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Sealing Cap

Oil and gas production: Insulation body caps made of SUSTAPVDF

Without a cap, we can't carry a water bottle in our bag. Without an elaborate tank lid system on cars, each bend in the road would become a danger - caps are often inconspicuous. It is hard to understand their true importance, unless they are missing. At a very large scale, the same is true for oil and gas production at sea: Technologically sophisticated insulation caps are needed to safely close and protect the wellhead at the bottom of the sea. Without them, oil and gas would emerge into the sea. Rarely is a cap subjected to conditions as difficult as these. A leading developer of systems for the oil & gas industry has evaluated and found that the Röchling material SUSTAPVDF can operate in these most demanding of conditions for producing their caps.

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Secure closure: On the seabed isolation caps seal the production hole and prevent the escape of oil and gas in the most demanding environment

About a third of natural gas and oil worldwide is currently produced through offshore drilling. As many deposits in shallow waters are already depleted and the drilling and production technology is constantly improving, companies venture into ever deeper ocean depths for gas and oil production. Once a new oil or gas deposit is tapped, any oil production company is faced with two questions: How can we extract these resources quickly and reliably and how can we stop oil and gas from emerging into the sea during the extraction process? It is all about economic viability and safety. Engineers develop sophisticated technology to solve these problems.

Once a deposit is tapped, the wellhead cannot just be connected to a pipeline. To enable flow control and monitoring, the wellhead is connected with a "subsea tree" - a complex technical system consisting of valves, connections and other components. The subsea tree has a production opening to which the production pipe is connected. High demands are made of the engineers who develop this system. They have a great responsibility: A failure of the subsea tree would be very costly for the operating company; replacing defective components at the bottom of the sea would be complex. The worst case, however, would be oil and gas emerging into the sea. For these reasons, every detail is important in the planning stage. Economic viability and efficiency go hand in hand with safety. The insulation caps are particularly important for operating safety. They prevent oil and gas from emerging into the sea.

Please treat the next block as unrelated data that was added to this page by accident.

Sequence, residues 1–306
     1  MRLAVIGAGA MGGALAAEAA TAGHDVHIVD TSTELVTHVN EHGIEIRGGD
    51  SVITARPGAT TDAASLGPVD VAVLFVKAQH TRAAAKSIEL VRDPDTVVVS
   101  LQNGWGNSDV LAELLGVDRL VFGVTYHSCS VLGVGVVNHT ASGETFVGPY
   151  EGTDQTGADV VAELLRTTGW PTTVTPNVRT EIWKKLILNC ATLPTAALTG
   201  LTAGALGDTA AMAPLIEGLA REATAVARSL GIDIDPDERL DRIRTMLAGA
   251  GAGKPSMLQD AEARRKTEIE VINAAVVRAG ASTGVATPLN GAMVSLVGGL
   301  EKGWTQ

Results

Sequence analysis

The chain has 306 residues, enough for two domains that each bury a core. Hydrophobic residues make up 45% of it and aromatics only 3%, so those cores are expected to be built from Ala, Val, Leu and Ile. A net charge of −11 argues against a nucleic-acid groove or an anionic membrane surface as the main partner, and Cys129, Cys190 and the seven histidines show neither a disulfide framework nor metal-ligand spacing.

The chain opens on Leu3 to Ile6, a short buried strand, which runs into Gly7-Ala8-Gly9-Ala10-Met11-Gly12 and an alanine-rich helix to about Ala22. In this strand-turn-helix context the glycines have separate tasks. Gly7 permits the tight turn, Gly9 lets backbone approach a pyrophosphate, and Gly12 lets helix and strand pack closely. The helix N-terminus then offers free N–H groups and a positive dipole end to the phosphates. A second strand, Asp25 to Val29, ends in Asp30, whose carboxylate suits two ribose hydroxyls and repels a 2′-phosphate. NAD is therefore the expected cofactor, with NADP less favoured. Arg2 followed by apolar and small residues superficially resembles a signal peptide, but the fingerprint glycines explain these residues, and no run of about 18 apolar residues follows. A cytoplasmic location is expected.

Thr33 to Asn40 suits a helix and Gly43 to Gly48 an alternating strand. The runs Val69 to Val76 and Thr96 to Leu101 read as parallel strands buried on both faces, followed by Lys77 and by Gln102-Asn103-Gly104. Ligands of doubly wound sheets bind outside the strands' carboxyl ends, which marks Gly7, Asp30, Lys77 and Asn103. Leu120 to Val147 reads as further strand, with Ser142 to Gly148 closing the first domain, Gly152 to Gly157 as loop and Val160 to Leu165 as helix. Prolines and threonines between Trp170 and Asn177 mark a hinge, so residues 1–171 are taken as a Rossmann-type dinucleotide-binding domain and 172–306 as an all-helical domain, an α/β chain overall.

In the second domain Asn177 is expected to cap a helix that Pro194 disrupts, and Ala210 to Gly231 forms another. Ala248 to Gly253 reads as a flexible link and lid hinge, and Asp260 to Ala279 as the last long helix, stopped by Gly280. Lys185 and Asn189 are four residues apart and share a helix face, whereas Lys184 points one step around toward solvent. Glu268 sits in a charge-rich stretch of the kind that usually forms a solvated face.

Until the production pipe is connected with the production opening of the subsea tree oil or gas must be prevented from emerging. For this reason, the opening is closed and protected with an insulation body cap. There is probably no other cap in the world which has to meet more stringent requirements than this cap at the bottom of the sea. 

Insulation body cap

Thermal insulation is an important criterion. The insulation body cap must insulate the hot natural resources inside the production opening with temperatures of approx. 120 °C from the surrounding sea temperature of approx. 4 °C. If the oil or gas in the area of the connections cools down, this could impair production. It can cause clogging up of the wellhead, leading to production downtime. In addition, the insulation body cap must be resistant to oil and gas as well as anti-marine growth agents used to prevent natural underwater fouling in the criticial connection area. Furthermore, the insulation body cap must be resistant to permanent contact with the corrosive salt water. As maintenance or even more so replacement of a cap at the bottom of the sea is work-intensive and costly, engineers develop insulator caps with a service life of at least 25 years. This makes the use of the correct material absolutely essential. 

A leading manufacturer uses the Röchling material SUSTAPVDF for producing their insulator caps. This material is suitable for use in a temperature range between -40 °C and +140 °C and provides a high operating safety due to its resistance to corrosive salt water as well as oil and gas. Compared with insulator caps made of steel, its weight is also an advantage: With an equivalent design, an insulator cap made of SUSTAPVDF is approx. 78% lighter. In particular, this facilitates the handling during the installation at the bottom of the sea, which is carried out by "ROVs" (Remotely Operated Vehicles). In addition, SUSTAPVDF is more flexible than steel so that the sensitive technical components of the wellhead or subsea tree cannot be damaged by jostling or impacts during the installation of the cap.


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